My unsolicited advice to Anthony Weiner is to drop out of the race for mayor of New York City. But since you insist on staying, hold a press conference:
At last, a fast food giant that gives a damn about the economic hardships low-wage workers face.
DEAR DIDI: My pug, Daisy, is 7 months old. She is potty trained, listens most of the time, and I absolutely adore her. She has one big problem that could end up causing me to find a new home for her. I work nights and leave the apartment at 10 o'clock at night. This is when most of my neighbors are going to sleep. Daisy immediately goes into a screeching bark as soon as the front door closes. My neighbors are complaining and I don't know what to do. Does she need a friend? Pug Lover in Modesto
Before you join Jay Leno and Susan Sarandon and sign an open letter to Gov. Jerry Brown to protest "solitary confinement" in California prisons' security housing units, there are a few things you should know. Start with the criminal records of the leaders of the Short Corridor Collective - the four inmates who, despite their "extreme isolation," orchestrated a hunger strike with more than 30,000 inmate participants July 8.
Al Capone was a bad boy. How bad? He cheated on his income taxes.
John Pike - the University of California, Davis police lieutenant whom the university fired for pepper spraying Occupy protesters Nov. 18, 2011 - has filed a workers' compensation claim based on a "psychiatric injury." UC should change its motto from "Fiat lux" ("Let there be light") to "Fiat meum" ("Where's mine?").
"I think you should check out the APEX program," my high school counselor, Mrs. Workman, suggested.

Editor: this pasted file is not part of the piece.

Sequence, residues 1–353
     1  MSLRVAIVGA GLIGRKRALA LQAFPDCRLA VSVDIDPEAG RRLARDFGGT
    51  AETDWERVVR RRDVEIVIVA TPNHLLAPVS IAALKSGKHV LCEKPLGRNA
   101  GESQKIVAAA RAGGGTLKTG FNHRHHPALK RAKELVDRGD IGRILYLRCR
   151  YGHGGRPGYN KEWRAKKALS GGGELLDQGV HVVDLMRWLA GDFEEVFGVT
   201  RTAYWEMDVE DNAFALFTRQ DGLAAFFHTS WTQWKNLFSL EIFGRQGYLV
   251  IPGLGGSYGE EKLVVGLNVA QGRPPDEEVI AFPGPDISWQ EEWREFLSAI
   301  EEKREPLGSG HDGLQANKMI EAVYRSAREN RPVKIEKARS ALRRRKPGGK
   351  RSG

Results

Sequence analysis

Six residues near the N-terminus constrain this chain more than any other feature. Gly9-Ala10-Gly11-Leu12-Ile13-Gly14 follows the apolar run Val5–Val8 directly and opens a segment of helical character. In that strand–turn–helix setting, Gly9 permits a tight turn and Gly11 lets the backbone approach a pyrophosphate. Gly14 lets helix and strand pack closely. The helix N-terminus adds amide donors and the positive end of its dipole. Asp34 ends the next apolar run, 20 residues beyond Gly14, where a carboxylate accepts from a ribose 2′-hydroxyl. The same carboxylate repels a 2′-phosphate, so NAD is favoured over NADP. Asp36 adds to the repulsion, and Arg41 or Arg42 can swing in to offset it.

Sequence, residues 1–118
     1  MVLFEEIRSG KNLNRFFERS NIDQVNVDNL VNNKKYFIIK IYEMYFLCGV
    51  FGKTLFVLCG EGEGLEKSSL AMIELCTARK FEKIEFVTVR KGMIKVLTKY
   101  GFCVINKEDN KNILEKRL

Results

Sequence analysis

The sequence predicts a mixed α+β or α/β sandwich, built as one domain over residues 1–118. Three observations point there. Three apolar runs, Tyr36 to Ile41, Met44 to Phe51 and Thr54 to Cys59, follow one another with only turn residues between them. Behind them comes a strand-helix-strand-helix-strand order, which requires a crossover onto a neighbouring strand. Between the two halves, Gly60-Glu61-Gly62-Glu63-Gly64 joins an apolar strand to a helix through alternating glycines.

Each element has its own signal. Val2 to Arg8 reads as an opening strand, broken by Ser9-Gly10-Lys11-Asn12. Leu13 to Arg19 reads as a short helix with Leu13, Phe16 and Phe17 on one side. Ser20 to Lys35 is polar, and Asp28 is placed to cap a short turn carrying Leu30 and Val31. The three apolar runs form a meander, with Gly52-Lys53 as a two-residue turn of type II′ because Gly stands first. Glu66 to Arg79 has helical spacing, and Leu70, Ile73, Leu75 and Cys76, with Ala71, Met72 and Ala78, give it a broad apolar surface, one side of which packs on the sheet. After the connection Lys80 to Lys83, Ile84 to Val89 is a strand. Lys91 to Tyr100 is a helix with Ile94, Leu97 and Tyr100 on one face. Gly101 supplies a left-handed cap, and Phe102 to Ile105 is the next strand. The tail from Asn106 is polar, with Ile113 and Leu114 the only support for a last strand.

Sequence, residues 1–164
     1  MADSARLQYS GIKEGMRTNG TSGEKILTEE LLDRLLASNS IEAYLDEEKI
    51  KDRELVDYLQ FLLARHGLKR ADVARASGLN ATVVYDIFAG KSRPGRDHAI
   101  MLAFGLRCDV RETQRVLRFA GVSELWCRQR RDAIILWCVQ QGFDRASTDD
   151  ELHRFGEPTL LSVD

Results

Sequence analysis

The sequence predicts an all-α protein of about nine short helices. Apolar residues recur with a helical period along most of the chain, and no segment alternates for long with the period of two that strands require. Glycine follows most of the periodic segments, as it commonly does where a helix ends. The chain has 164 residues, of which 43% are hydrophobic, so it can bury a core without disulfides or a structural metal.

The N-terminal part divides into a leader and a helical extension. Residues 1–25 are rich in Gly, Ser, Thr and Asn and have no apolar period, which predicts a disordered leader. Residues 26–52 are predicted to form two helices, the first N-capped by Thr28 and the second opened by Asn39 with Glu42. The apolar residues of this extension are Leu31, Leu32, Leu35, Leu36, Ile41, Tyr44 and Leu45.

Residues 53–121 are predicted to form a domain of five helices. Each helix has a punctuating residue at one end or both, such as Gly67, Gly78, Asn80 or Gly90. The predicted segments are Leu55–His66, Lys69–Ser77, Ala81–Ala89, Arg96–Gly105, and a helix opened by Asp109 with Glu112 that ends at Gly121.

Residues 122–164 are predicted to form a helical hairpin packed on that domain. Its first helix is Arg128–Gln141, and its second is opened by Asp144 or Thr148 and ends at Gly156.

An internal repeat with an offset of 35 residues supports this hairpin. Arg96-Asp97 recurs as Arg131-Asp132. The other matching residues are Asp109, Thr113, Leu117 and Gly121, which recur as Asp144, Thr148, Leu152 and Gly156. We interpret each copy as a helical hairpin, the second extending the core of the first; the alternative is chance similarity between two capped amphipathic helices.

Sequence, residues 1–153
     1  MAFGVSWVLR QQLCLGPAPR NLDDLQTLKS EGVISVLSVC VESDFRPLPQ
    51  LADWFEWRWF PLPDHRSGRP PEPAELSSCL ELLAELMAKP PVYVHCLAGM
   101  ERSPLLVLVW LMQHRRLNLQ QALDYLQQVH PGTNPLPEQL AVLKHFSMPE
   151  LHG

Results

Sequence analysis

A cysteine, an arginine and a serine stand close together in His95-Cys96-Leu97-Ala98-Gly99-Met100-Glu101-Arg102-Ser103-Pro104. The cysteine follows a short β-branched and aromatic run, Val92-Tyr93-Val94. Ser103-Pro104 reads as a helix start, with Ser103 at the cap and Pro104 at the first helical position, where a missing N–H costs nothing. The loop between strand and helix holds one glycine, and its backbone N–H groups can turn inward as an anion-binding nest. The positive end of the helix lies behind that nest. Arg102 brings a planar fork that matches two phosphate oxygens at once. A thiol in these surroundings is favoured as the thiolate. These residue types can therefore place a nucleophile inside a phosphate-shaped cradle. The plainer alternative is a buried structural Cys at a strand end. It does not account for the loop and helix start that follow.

President Obama is announcing for the umpteenth time he's going to "pivot" to fixing the economy - as if that's ever worked before, since it is he who broke it. That said, Obama will pivot to tiddlywinks if that's what it takes to get out from under his mountain of scandals.
Want to see pure altruism in action? Go to Washington, D.C. - not to the federal government's marble buildings, but to the real city, where ordinary folks live.
"Progressivism leads inevitably to utter irrationality and eventually political, as well as moral, chaos."
The word "help" is so uplifting. It conveys our best humanitarian values. How odd, then, to see it used in this New York Times headline: "Banks' Lobbyists Help in Drafting Financial Bills."
Yes, the beautiful and brilliant former aide to Secretary of State Hillary Clinton who, in a role she certainly never sought, has been playing "The Good Wife" on cable news.
Huma Abedin has graduated from sympathetic victim to pathetic enabler. I felt bad for Abedin in 2011 when, as a newly married and pregnant wife, her congressman husband, Anthony Weiner, embroiled her in his sexting scandal. With a baby on the way, she chose to stick with the marriage - a decision others must respect.
"The First Black President ... Spoke First as a Black American," ran the banner headline of Sunday's Washington Post.
While Hillary Clinton hates doing Sunday shows - as we remember from the weekend after Benghazi - she did allow her close friend Gov. Terry McAuliffe to appear on "Meet the Press" on April 19. Jaws dropped when NBC host Chuck Todd threw him a real Russert-like hardball, quoting from his 2007 memoir "What A Party!"
This tax season, America's billionaires are toasting you, the ordinary taxpayer.
San Francisco is foodie heaven. If you want to eat out, you will never lack for options. That's the plus side. On the downside, Ess Eff menus are getting so precious they take the fun out of eating.
The economy has been in a tepid, soft, slow recovery for the past five-and-a-half years. It's the weakest rebound in generations. The Commerce Department's revision of fourth-quarter GDP shows that nothing much has changed. Over the past year, real economic growth registered 2.4 percent, slightly higher than the recovery average. It ain't much.
The Republican rout in the Battle of Indianapolis provides us with a snapshot of the correlation of forces in the culture wars.
My friend Julia died as we knew she would. Cancer had ravaged her body for a decade. She no longer could breathe. She was at home, under hospice care, when she asked for a dose of morphine that she knew would kill her but also keep her final moments free of pain.